Report

Automatic Investment: Improving 401(k) Portfolio Investment Choices

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Self-direction of investments is a common feature of 401(k) plans, but it is not working as well as it could. Employees frequently fail to diversify their investments or rebalance their portfolios over time One concern is that workers often invest too large a share of their 401(k) savings in their employer's stock, which can prove especially costly: if the employer falls on hard times, workers stand to lose not only their jobs but also their retirement savings. But even when the plan sponsor does not collapse, poor investment choices impose unnecessary risk on workers, threaten the level and security of retirement income, and reduce the public policy benefits from 401(k) tax preferences.


Self-direction of investments is a common feature of 401(k) plans, but it is not working as well as it could. Employees frequently fail to diversify their investments or rebalance their portfolios over time. One concern is that workers often invest too large a share of their 401(k) savings in their employer's stock, which can prove especially costly: if the employer falls on hard times, workers stand to lose not only their jobs but also their retirement savings. But even when the plan sponsor does not collapse, poor investment choices impose unnecessary risk on workers, threaten the level and security of retirement income, and reduce the public policy benefits from 401(k) tax preferences.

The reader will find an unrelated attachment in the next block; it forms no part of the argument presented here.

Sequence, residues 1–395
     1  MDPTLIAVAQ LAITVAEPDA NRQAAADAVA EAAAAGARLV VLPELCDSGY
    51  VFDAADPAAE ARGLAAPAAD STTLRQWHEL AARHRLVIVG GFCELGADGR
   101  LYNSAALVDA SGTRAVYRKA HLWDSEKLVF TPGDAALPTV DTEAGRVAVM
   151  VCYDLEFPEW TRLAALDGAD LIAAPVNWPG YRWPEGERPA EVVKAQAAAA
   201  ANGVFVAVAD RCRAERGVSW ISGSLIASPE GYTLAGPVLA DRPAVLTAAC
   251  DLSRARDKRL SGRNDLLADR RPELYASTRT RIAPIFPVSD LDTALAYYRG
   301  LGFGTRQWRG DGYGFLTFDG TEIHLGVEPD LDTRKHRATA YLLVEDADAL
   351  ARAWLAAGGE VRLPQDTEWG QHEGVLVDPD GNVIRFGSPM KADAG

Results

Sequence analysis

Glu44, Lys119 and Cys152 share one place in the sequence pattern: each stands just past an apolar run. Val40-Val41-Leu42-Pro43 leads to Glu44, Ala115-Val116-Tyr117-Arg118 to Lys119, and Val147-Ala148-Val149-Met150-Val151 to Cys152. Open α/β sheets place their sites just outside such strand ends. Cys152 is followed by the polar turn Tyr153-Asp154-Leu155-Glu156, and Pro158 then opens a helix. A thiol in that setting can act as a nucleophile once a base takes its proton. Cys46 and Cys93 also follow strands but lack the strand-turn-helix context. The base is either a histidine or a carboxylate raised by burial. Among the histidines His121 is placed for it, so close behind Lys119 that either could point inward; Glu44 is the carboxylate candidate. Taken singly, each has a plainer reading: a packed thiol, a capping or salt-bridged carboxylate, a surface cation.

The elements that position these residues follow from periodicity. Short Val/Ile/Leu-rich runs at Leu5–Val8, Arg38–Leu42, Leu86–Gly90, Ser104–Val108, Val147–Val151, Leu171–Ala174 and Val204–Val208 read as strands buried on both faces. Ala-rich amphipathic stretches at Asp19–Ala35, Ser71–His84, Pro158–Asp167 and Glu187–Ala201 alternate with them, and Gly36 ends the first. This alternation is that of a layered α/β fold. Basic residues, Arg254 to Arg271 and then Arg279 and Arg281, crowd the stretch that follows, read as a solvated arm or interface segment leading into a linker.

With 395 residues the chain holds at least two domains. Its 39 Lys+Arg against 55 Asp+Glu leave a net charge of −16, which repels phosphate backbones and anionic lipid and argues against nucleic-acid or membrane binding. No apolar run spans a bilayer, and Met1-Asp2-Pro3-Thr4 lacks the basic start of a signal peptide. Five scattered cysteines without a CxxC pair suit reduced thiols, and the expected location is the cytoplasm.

Given the prevalence of 401(k) plans, the demonstrated inability or unwillingness of many workers to make sound investment choices is a significant concern: better investment performance could increase plan account balances and reduce the riskiness of participant investments. This policy brief discusses the nature and sources of the problem and outlines a potential solution: “automatic investment.” Emerging evidence shows that the structuring of default choices in 401(k) plans can strongly influence participation and contribution behavior while preserving employees' option to tailor these choices to their individual preferences if they so desire. We suggest a similar default approach for asset allocation and investment options. Under this approach, plan sponsors that offer qualifying automatic investment arrangements would receive a measure of safe harbor fiduciary protection. The proposal addresses both the general problem of poor investment choices made in 401(k)s and the specific issue of
overconcentration in employer stock. The Retirement Security Project is undertaking further research and analysis of this and other ways to improve the design and performance of our nation's retirement savings system.

Media Contact

Nicolle Grayson